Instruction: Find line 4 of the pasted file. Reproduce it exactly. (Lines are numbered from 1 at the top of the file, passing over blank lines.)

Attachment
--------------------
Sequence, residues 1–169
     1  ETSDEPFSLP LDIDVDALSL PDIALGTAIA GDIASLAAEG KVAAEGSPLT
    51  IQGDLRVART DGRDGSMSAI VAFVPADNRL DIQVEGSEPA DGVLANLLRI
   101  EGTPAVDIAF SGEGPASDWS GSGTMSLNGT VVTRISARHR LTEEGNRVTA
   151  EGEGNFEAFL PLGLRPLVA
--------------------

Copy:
   101  EGTPAVDIAF SGEGPASDWS GSGTMSLNGT VVTRISARHR LTEEGNRVTA